Use this URL to cite or link to this record in EThOS: http://ethos.bl.uk/OrderDetails.do?uin=uk.bl.ethos.543597
Title: Confronting crisis : norms, argumentation, and humanitarian intervention
Author: Travers, Richard Patrick
Awarding Body: University of Oxford
Current Institution: University of Oxford
Date of Award: 2011
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Abstract:
The purpose of this thesis is theory development. It begins by evaluating existing explanations of why states undertake humanitarian intervention. Realists argue that states only intervene when their national interests are at stake. Normative scholars argue that states are at times motivated to save foreign citizens. Neither approach adequately accounts for the pattern of post-Cold War state practice. Building from this conclusion, the thesis conducts research based on two propositions derived from an analysis of existing debates: that examining state motive holds promise for elucidating the weaknesses in current approaches and that studying state argumentation can provide insight into state motives. To better investigate state motives, a theoretical framework is developed to explain how motives translate into state decision-making and manifest themselves in state argumentation. By employing process tracing, argumentation analysis, and elite interviews, this framework is applied to three cases: Northern Iraq in 1991, Rwanda in 1994, and East Timor in 1999. Each case study constructs a theoretically informed narrative, assesses debates between states at the United Nations Security Council, and evaluates the consistency between state discourse and state practice. The cases are then used heuristically to identify opportunities for improving existing theory and developing new theory. This yields several conclusions. First, not only do states often possess mixed motives, but the humanitarian impulse also appears in some cases to have been a necessary condition for humanitarian intervention. Second, the norm of humanitarian intervention does not function as a general rule. Rather, it is a cluster of principles derived from just war theory and international law, but also connected to related norms about sovereignty, human rights, and self-determination. Third, state decision-making is a collective process structured by the prevailing post-Cold War institutional and normative context. The thesis concludes by outlining promising avenues of research for better understanding why states respond to some occurrences of mass atrocities and not others.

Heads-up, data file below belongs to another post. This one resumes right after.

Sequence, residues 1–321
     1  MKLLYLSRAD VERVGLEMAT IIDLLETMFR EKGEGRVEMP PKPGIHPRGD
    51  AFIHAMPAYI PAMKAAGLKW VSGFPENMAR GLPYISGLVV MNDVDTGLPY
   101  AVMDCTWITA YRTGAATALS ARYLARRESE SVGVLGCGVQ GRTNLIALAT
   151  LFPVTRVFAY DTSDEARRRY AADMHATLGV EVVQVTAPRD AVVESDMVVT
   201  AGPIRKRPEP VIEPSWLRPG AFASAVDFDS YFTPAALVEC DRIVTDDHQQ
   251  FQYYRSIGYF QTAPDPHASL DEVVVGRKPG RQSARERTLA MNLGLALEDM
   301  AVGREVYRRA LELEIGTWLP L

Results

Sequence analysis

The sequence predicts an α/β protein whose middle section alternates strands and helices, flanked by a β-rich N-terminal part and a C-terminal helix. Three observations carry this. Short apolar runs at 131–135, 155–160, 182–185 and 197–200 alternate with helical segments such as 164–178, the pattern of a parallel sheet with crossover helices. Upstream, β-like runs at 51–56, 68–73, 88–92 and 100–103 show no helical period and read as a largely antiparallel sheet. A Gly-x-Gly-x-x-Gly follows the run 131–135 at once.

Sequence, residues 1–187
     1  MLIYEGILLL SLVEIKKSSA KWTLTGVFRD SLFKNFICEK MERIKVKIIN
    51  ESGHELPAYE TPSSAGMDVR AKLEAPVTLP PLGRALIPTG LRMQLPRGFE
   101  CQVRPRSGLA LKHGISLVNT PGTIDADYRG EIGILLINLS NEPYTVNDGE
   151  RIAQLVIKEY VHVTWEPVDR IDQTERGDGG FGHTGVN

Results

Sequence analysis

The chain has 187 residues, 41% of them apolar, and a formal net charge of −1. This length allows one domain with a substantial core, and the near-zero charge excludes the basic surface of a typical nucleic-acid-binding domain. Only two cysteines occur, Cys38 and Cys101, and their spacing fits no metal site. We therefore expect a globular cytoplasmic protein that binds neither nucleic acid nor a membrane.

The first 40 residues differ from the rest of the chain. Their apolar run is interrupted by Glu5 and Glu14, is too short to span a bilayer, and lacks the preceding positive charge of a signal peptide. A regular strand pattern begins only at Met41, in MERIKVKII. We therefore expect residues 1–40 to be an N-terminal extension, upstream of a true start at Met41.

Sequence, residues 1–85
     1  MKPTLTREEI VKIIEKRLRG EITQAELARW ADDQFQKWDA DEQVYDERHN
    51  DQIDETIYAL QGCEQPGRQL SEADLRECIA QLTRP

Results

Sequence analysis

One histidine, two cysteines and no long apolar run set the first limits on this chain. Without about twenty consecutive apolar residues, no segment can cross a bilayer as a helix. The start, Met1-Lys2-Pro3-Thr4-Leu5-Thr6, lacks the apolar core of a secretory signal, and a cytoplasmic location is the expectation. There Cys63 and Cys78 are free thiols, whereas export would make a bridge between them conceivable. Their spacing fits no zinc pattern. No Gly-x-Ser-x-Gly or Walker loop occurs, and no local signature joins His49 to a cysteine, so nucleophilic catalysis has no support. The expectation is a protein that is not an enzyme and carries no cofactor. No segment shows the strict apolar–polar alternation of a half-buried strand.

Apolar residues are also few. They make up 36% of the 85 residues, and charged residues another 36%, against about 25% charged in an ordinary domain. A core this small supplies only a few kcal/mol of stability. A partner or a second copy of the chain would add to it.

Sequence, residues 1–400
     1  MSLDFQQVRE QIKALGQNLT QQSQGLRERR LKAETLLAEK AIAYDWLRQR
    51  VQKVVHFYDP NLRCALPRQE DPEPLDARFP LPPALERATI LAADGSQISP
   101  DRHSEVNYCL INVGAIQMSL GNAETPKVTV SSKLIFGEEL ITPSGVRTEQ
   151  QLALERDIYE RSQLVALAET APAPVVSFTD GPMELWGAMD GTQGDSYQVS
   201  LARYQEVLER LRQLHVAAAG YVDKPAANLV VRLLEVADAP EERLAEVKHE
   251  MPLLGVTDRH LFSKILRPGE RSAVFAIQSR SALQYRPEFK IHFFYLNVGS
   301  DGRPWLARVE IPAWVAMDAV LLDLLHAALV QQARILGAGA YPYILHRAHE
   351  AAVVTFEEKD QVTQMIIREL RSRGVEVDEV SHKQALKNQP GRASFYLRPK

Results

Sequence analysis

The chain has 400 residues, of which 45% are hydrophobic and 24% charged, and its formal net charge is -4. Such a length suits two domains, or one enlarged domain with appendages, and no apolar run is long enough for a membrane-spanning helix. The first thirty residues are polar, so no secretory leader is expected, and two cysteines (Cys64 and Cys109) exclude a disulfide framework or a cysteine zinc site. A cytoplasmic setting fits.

Supervisor: Welsh, Jennifer Sponsor: Not available
Qualification Name: Thesis (Ph.D.) Qualification Level: Doctoral
EThOS ID: uk.bl.ethos.543597  DOI: Not available
Keywords: Political science ; International studies ; War (politics) ; Ethics (Moral philosophy) ; international relations ; International Relations Theory ; humanitarian intervention ; foreign policy ; International Normative Theory ; argumentation
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